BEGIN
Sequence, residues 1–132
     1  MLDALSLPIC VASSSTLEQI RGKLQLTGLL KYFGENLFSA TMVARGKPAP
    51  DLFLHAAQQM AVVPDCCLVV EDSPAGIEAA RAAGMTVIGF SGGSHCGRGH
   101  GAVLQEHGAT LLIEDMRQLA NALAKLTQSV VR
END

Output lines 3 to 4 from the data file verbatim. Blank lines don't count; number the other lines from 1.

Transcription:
    51  DLFLHAAQQM AVVPDCCLVV EDSPAGIEAA RAAGMTVIGF SGGSHCGRGH
   101  GAVLQEHGAT LLIEDMRQLA NALAKLTQSV VR